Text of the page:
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Ethical aspects of the case scenario
  1. Rob George, Medicine and Senior Lecturer
  1. Consultant in Palliative Medicine and Senior Lecturer in Biomedical Ethics, University College London

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Much of the general population’s experience and understanding of sudden illness and death, especially that of the young, comes from medical soap operas. No matter how contrived these are (and there are none more contrived than those set in accident and emergency (A&E) departments), they enter people’s subconscious at some level. Within the storylines, patients’ hearts restart with cardioversion and clever drugs as a matter of routine. Death, apart from that caused by trauma or used as a dramatic device, is portrayed as the exception.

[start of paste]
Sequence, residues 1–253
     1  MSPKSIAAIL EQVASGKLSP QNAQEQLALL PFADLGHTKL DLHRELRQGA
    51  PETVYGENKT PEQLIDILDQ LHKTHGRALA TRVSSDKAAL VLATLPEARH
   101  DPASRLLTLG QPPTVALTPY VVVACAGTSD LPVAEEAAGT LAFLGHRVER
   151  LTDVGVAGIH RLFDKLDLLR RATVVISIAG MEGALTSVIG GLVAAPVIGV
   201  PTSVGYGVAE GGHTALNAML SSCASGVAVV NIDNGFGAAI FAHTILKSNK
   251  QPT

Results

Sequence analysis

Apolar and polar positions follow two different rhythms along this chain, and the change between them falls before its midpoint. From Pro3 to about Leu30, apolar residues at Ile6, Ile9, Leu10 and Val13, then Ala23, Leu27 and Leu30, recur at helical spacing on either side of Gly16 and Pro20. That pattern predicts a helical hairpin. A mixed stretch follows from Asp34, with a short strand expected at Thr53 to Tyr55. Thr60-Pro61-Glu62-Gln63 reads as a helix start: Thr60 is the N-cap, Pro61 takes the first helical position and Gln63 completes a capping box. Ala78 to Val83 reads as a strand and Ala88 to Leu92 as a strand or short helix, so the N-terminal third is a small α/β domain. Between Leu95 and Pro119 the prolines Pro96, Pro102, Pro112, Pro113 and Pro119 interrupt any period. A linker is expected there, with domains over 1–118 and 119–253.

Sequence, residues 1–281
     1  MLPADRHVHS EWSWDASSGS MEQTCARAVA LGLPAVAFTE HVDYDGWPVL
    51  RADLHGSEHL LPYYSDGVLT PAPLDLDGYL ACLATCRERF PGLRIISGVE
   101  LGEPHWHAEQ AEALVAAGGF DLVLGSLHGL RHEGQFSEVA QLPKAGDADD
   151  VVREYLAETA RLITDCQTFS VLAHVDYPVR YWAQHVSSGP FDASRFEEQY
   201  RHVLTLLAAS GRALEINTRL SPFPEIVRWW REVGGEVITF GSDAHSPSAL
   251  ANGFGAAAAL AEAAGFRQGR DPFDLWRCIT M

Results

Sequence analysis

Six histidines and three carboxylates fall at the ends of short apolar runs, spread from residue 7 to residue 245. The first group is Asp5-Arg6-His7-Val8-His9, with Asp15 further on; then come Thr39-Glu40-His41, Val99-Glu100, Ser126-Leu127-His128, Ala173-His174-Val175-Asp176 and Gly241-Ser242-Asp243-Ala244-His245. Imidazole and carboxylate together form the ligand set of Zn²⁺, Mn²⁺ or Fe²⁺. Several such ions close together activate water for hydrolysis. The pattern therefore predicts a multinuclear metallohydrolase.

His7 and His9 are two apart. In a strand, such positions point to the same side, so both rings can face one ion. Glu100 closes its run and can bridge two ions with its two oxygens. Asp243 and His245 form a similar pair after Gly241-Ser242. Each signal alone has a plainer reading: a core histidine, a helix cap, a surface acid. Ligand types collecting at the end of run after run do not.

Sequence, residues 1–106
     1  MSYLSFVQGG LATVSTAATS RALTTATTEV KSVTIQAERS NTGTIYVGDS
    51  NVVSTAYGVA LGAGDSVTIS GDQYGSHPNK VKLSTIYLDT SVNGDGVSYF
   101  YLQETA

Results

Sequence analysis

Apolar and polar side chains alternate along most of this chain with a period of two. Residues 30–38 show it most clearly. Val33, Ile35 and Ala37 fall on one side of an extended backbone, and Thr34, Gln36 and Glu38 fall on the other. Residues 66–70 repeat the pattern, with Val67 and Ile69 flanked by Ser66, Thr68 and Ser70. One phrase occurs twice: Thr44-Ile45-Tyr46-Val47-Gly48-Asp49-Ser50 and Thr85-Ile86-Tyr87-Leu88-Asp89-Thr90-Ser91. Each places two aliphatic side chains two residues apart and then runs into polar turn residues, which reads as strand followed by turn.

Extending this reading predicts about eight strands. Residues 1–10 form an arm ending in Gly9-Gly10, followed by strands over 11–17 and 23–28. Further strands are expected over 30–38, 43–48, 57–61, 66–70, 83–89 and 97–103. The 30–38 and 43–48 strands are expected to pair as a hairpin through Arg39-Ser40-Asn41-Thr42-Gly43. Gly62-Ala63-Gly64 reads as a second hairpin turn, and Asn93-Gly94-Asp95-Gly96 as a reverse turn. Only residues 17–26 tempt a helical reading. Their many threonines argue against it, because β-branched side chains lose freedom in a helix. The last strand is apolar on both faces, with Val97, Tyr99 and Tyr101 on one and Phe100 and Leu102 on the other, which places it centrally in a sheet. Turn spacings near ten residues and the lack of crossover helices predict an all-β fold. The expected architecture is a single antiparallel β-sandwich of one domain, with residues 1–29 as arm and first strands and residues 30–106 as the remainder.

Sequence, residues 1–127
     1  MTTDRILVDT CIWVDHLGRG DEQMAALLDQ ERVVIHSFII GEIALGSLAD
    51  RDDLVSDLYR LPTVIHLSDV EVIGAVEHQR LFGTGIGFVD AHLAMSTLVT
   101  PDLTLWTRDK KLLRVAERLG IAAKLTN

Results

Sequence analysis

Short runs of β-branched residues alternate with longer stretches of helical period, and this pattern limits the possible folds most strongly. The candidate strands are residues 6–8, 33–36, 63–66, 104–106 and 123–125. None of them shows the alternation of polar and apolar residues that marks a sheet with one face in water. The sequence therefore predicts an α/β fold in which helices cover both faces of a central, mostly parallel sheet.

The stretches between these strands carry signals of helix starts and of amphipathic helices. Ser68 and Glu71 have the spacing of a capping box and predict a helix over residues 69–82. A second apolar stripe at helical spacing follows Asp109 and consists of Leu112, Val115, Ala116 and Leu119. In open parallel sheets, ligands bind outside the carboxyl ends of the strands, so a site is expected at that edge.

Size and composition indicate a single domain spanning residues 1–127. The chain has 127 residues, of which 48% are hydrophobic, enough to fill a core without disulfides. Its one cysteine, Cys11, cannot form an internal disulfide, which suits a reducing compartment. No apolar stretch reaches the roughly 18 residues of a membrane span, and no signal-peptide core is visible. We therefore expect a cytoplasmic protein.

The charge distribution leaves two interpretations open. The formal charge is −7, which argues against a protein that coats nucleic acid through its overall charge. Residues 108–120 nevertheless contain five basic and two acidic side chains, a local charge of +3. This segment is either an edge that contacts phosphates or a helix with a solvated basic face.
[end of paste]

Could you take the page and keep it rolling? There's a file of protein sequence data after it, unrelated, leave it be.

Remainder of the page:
Hence, when someone’s relative has a medical catastrophe, in response to inestimable trauma, I suggest the family automatically and subconsciously grasps for an encouraging reference point and there is a tendency to use television as that reference point. This subliminal effect of media-moulded culture adds to one’s individual and familiar defaults, i.e. ‘It can’t happen to me/us’, and ‘If it does, then I/we will be the exception that proves the rule’. A third, insidiously perverting view with increasing currency is, ‘You only die when doctors stop treating …

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